Manager: Um, I don’t really know why we’re doing this. The CTO asked for it, and I’m here to get it done. That’s why I’ve been the vice president of middle management for 15 years, damn it!
Audrey: Okay. I can do this work. However, let me lay out some of the risks for you. We don’t understand why we’re doing it, and we might make poor design decisions because we don’t see the big picture. Also, without a clear understanding of what problem we’re solving, I don’t know how to tell you that we’re done.
Manager: Okay, works for me.
Audrey: Can you put that in an e-mail for me?
If I feel likely to get burned, I put my concerns/feedback in e-mail. If I trust my manager to hear me, I tell him in person. The point is that I never dive into design or development until I’ve either gained broad understanding of the project or at least told someone that I’m working under less than ideal circumstances.
As long as we’re all sharing, let me tell you… we’ve all been there. We’ve all taken the task, done the work, and delivered something without really knowing why. It happens. The trick is to know when you’re dealing with a tough situation and how to mitigate risk to you as well as your team.
You’ll likely find that it is up to you to help flesh out those Assumptions and Risks, and to make suggestions about Scope. As the in the trenches guy, you’re probably aware of issues that your manager isn’t. Don’t be shy about sharing that information. Trust me, ‘tis better to air the dirty laundry at the beginning of the project than to grumble at the end because you “just knew” that this issue was going to come up.
An Aside on Scope
We’ve all heard of it, and if you’ve worked for any amount of time in this business, you’ve lived it. The dreaded scope creep. Many times, scope creep happens because discovery was left wanting. Or, the team isn’t disciplined about sticking to the original scope. The pain of scope creep is never totally avoided, but it can be minimized. Foremost, make sure that you have some scope to work with. Remember how Manager Mike said that he wanted to “speed up Database X”? Wow, that’s a broad statement. He also wants to do it pretty quickly. This means that you probably can’t re-architect the entire system or purchase shiny new hardware to solve this problem. You might end up with something like this in your scope statement:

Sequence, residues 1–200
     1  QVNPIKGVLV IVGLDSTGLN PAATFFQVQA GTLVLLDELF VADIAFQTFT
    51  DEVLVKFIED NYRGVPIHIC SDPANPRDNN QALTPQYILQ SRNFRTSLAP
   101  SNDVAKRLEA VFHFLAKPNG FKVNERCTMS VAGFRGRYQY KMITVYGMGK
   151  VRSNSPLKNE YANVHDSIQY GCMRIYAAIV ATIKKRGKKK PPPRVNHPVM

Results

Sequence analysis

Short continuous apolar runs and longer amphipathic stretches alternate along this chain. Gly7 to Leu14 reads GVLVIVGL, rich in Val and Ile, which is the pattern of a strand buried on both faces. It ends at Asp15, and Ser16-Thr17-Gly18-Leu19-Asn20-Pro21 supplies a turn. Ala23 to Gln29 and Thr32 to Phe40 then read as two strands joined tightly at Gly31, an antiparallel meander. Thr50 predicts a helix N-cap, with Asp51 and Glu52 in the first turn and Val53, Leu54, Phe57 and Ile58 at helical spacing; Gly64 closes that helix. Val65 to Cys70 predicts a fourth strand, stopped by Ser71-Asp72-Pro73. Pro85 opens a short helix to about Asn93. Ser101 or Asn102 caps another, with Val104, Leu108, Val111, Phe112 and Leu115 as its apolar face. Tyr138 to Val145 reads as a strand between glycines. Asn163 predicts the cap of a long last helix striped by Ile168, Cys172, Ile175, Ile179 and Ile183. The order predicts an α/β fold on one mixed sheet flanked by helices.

Task: Speed up Database X
1. Tune top 10 worst performing queries
2. Examine index maintenance plan and add key missing indexes
3. Archive old data that is no longer used and remove from primary database
Out of Scope:
1. Change logical design of the database
2. Upgrade hardware
3. Rework data access layer
On a highly regulated team, this may end up in a formal document. If you’re like many developers and things run a little more fast and loose in your shop, there is nothing wrong with shooting off an e-mail or having a conversation about what can be done in the time you have. You could say, “Mike, we have a week and a half to do this work. Let’s focus on low-hanging fruit and non-invasive changes. When we have more time, we can talk about more aggressive changes”. (Managers love idioms like “low-hanging fruit”) He might say, “Great!”, or he might come back with, “So if we wanted to address your out of scope items, how long would that take?” Both are acceptable responses, and you should be ready for them. Point is, put some boundaries around the work you’re doing, and set expectations about how much can really be done with the time and budget provided. This allows you to be the guy who never says, “No”, but also protects you from unreasonable requirements.
One last thought on discovery within the development cycle. As developers, we want to know everything up front. We want details, and we want them now. Here’s the thing… it ain’t gonna happen. Take a deep breath, accept the unknowable, and focus your Sneaky Discovery efforts on getting some clarity on why you’re doing what you’re doing, what you’re doing (and not doing), and what might throw the project off. The rest will shake out during design and development (and possibly testing), and that’s okay. We’re never going to get it perfectly right, but asking a few of the right questions at the right time can get everyone comfortable with how the rest of the project is going to go.
Now, get out there, get proactive, discover some stuff, and get vocal about how your work fits into the larger picture! I’m rooting for you!
We are so excited about SQL Saturday 242 on August 10 in Indianapolis, IN! Why? Well, glad you asked us. We’re going to be presenting our first-ever SQL Saturday Pre-Con, and are forever grateful to the wonderful organizers of this event for giving us this opportunity. We’ve done this training day here in Atlanta before, but there’s just something extra-special about being part of a SQL Saturday.